In the largest collection of peer-reviewed writings on the topic to date, the authors employ systematic climate data and climate projections. Most of the articles deal with civil war, a few with international war, and several studies go beyond state-based conflict to look at possible implications for communal conflict and other kinds of violence.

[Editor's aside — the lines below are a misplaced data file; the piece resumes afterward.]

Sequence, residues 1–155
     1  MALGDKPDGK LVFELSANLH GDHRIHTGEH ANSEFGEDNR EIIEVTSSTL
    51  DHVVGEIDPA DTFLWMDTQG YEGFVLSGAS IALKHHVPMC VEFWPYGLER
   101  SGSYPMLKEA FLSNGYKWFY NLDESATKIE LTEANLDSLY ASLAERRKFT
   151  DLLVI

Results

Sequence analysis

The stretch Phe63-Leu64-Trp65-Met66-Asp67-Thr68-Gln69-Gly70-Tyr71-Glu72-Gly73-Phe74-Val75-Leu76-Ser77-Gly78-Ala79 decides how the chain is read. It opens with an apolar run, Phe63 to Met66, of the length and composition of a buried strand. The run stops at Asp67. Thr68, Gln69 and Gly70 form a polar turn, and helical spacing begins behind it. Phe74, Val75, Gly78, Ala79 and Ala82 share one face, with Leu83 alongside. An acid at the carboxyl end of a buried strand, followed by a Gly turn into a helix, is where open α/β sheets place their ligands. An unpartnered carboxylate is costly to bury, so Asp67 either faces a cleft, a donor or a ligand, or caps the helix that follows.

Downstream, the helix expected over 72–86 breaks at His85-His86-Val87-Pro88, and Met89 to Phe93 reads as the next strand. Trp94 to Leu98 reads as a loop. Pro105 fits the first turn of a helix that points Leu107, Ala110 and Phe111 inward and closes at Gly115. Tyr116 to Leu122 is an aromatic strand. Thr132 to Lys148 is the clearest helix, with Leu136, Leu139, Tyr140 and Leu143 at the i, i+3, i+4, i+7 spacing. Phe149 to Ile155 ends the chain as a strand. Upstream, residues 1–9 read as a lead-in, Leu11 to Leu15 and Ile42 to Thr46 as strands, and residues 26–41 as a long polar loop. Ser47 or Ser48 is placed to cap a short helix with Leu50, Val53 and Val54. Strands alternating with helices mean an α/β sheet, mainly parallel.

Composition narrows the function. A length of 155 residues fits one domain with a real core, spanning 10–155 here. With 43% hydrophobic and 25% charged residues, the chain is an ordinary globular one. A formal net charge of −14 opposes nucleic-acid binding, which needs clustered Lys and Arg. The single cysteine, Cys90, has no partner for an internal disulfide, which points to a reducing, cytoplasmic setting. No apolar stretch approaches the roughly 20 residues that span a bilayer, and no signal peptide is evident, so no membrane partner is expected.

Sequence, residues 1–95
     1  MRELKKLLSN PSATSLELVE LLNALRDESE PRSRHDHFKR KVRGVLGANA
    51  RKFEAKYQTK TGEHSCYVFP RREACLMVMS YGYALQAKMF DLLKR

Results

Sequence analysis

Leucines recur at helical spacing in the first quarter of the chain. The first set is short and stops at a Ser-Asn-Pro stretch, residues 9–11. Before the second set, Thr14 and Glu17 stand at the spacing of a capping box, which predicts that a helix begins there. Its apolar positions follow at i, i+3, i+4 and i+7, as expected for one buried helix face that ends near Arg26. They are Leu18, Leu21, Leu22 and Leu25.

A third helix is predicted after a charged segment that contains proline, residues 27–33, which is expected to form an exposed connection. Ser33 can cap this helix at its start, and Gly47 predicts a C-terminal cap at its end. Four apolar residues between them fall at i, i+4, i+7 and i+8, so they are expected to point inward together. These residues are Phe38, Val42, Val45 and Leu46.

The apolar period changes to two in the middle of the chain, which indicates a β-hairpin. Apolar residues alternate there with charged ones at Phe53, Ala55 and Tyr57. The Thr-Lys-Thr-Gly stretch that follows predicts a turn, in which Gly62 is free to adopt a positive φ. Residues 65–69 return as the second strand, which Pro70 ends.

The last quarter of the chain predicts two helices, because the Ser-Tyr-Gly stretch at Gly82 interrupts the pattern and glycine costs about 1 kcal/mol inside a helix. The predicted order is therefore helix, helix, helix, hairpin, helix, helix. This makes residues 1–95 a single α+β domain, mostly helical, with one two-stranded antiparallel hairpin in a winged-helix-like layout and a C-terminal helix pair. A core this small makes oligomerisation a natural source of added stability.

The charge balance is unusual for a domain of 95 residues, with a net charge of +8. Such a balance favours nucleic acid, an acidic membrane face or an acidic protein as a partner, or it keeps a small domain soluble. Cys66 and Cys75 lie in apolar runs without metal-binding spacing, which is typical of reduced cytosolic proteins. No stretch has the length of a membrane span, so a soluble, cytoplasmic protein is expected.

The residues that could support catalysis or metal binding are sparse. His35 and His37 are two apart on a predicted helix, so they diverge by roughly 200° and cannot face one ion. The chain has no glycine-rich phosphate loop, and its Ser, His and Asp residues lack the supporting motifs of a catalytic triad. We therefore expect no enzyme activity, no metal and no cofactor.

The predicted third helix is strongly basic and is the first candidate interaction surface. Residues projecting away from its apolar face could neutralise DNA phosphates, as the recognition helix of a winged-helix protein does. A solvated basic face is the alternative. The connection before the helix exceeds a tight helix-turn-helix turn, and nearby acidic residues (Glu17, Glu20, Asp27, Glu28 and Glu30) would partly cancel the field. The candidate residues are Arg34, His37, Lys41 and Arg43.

On balance, the authors featured in JPR only find limited support for an influence of climate change on armed conflict. But this does not eliminate the possibility that when climate issues are framed as a security problem, this may influence actor perception and contribute to a self-fulfilling prophecy.Several possible mechanisms between climate change and conflict, notably rainfall variations and an increased frequency of natural disasters. Several articles also examine the potential for international conflict in water resources shared by several countries.An article based on data from the 2005-09 World Values Survey documents strong world-wide concern about global warming and suggests that this might eventually generate mass political participation and demand for political action. However, they find that variation across nations in wealth and CO2 emissions is not significantly related to the publics’ assessments of the problem. Paradoxically, people from countries commonly believed to be more severely affected by climate change are less, not more concerned about global warming. An article by Erik Gartzke points out that economic development drives peace as well as climate change. Thus, efforts to curb climate change in middle-income nations, if these limit income, may actually have a destabilizing effect in security terms.